tips for small businesses on selecting the right accountant

  • Make finding an accountant one of the very first things that you do when starting your business. Working with an accountant during the startup phase is the best way to ensure that your company is in compliance in terms of taxes. Your accountant can also help you manage any expenses related to getting your company up and running.
  • Choose someone who is qualified. These accounts in Hounslow recommend that you consider hiring an accountant who belongs to a group like ICAS, ICAEW, or ACCA. In order to become members of these organizations, accountants have to prove that they are qualified.
  • Look for an accountant who is familiar with your industry. An accountant who has experience working with other small businesses in fields similar to your own can usually do a better job of providing you with knowledgeable advice. For instance, if you are a freelancer, you should avoid hiring a general accountant. Instead, look for someone who specializes in situations like yours.
  • Evaluate the fees. When hiring an accountant, take a look at the specific fees that they charge and how those fees are calculated. Some companies charge a flat rate on a monthly or annual basis. Find out if there are any start-up fees or fees if you close your account. Discuss extra charges for services that aren’t included in the typical workload of the accountant.
  • Consider the services that the company offers. All accountants offer standard services like managing payroll, handling annual accounts for limited companies, and managing HMRC. Look at some of the specialized services that they offer, as well. For instance, will they help you with your self-assessment returns or do they offer IFA services?




how many members of staff work for him? Does he have enough numbers to service your needs? What is the level of experience and qualifications of the team members? Does the accountancy practice network with other accountants, tax advisors, niche tax practices or independent financial advisors?


If you are being charged on a time basis then make sure that there is no duplication of work. You do not want to pay for the same job done twice or even worse to be charged for errors made by your advisor (this is applicable to both solicitors and accountants). Always ask for a predictive cost of the service to be provided (I always do this with my solicitors) and also set a ceiling of fees on time charged services. It is important that this ceiling is agreed together with your professional advisor BEFORE any work is done as this will avoid unnecessary arguments in the future. If this ceiling is to be breached by your advisor then simply ask for a reason and also a breakdown of their time sheet so that you can analyse where and how time has been spent.


What are you getting for your money? Cheap fees will inevitably reflect on the service. If you only want compliance work then choose a basic cost effective accountant but if you want the best tax advice then never select on the basis of fees. Always look for the right balance, any advice that you pay for MUST always make or save you more money than the fees being charged, otherwise you are wasting your money.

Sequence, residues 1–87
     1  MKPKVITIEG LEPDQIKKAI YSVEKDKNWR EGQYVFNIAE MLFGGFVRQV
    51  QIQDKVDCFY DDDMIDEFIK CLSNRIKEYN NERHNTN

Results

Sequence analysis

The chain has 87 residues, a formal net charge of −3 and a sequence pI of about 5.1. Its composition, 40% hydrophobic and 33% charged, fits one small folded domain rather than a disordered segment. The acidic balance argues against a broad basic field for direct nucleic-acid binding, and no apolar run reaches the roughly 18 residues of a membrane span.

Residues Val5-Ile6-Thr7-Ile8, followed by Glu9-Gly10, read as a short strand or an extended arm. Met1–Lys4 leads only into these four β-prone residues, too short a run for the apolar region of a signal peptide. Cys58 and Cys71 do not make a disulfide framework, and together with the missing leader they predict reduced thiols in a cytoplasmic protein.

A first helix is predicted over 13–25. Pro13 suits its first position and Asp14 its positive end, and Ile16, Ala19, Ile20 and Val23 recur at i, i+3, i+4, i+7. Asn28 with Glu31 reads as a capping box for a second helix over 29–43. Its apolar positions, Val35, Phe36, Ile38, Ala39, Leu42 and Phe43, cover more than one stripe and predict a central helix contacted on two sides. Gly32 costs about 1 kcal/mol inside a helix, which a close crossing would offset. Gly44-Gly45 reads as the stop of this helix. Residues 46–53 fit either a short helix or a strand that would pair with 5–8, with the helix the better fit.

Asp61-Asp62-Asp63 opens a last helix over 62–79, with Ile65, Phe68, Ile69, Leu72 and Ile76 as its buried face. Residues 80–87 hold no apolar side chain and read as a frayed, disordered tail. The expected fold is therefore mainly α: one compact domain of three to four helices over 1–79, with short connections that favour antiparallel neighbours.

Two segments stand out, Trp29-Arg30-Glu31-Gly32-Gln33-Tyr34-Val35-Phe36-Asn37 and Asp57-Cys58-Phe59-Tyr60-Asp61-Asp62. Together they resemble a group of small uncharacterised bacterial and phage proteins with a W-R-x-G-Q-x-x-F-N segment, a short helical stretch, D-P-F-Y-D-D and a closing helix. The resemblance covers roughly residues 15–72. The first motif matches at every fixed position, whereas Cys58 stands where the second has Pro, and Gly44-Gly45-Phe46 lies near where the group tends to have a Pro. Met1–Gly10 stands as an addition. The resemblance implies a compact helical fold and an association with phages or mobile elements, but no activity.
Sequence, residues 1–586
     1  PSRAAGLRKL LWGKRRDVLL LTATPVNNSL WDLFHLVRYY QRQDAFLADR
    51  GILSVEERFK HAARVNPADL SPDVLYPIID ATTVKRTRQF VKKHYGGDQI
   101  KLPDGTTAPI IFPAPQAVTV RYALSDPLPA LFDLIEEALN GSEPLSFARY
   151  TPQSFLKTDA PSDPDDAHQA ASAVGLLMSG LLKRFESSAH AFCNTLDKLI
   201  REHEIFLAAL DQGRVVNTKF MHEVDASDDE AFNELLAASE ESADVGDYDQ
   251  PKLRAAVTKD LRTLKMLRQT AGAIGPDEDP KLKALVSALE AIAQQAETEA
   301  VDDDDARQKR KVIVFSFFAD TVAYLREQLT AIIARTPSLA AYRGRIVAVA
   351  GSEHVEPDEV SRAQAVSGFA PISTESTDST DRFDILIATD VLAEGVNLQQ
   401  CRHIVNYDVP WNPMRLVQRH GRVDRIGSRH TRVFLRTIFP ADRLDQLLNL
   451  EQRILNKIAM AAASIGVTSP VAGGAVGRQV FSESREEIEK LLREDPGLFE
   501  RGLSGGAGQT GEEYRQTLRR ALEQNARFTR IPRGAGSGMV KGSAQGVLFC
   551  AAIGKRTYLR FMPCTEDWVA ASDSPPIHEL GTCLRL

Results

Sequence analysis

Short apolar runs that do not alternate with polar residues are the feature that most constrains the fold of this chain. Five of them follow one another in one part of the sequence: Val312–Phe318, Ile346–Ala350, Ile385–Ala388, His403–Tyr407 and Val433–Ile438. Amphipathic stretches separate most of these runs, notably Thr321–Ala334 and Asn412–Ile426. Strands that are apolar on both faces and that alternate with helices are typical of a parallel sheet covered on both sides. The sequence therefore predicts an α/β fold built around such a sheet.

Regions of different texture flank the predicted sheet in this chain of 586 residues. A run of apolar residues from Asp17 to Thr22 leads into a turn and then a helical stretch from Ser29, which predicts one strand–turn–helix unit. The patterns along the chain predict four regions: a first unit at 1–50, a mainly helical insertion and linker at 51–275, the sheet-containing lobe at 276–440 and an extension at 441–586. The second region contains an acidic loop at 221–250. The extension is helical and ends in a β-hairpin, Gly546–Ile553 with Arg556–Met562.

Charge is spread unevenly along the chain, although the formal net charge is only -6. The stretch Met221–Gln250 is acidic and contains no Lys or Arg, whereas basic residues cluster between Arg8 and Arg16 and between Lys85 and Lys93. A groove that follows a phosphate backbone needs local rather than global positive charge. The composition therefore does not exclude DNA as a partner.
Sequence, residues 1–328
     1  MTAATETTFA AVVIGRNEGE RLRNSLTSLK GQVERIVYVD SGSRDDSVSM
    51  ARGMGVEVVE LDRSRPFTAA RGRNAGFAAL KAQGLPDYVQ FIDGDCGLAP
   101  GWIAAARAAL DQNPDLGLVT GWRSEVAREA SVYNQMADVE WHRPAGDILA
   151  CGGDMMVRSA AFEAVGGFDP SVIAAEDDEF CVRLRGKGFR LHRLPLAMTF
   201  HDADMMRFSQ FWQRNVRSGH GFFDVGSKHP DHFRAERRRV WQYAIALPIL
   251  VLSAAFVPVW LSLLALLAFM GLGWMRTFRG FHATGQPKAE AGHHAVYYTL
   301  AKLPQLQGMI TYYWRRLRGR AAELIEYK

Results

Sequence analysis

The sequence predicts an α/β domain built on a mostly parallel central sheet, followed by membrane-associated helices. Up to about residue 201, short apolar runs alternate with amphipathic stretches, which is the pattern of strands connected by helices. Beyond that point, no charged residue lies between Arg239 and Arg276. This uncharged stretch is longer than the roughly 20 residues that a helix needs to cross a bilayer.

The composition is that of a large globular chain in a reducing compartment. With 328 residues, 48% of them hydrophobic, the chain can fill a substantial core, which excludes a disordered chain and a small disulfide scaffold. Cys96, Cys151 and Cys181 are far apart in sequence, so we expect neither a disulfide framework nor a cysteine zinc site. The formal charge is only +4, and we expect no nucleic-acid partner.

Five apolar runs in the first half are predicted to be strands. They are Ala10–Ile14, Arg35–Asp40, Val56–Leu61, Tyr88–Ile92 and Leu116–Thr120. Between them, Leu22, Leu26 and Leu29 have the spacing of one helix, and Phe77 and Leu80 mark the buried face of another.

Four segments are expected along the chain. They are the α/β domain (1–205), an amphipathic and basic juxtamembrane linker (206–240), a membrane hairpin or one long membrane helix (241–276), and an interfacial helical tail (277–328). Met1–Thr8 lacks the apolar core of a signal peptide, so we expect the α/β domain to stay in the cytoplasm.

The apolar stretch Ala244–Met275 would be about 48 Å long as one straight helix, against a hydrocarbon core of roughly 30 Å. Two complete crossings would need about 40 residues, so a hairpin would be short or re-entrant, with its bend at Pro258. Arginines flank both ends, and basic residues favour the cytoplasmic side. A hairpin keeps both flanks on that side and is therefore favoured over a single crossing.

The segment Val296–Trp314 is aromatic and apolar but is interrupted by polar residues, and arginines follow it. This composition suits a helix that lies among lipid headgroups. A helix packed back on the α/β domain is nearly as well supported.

Do they have any or do they simply work from home? If they do have offices how expensive are they to run and maintain. Having expensive, plush offices in Central London may look fancy on the letter head but it will obviously be reflected in the charges so beware.


Does he really know his stuff? Does he go to seminars to update his knowledge in the areas that you want to receive advice from? Is he passionate about increasing his knowledge in taxation? Does he network with other niche tax practices and Independent Financial Advisors to assess if there are any other products in the market that can genuinely support your business needs?


How to choose an accountant for your small business

Why should I hire you?

Hiring an accountant can be “even more important” than taking on a member of staff, says Clive Lewis, head of enterprise at The Institute of Chartered Accountants in England and Wales (ICAEW). “If you get the wrong person, you can miss out on things you should know,” he explains, “and that can be very costly.”

Could my money work harder?

James Richardson is a company director at Metric, an accountancy firm specialising in start-ups. He says most people believe an accountant will just be looking after annual accounts and tax compliance. However, “that’s only a small portion of what a good accountant can – and should – be doing for you.”

Are we a good match?

The right accountant will have more than just prestige – it’s important they understand small business needs, and are able to offer relevant insight.

Are things working out?

Once you’ve chosen an accountant, measuring their performance is an ongoing process. Chung says a great way to do this is to hold monthly meetings where you can ask for their view on the business and its finances. “If their view is close to yours, that’s a good sign,” she says. “But you do still want to see a degree of challenge and initiative – if you only hear what you expect, that’s not a good sign.”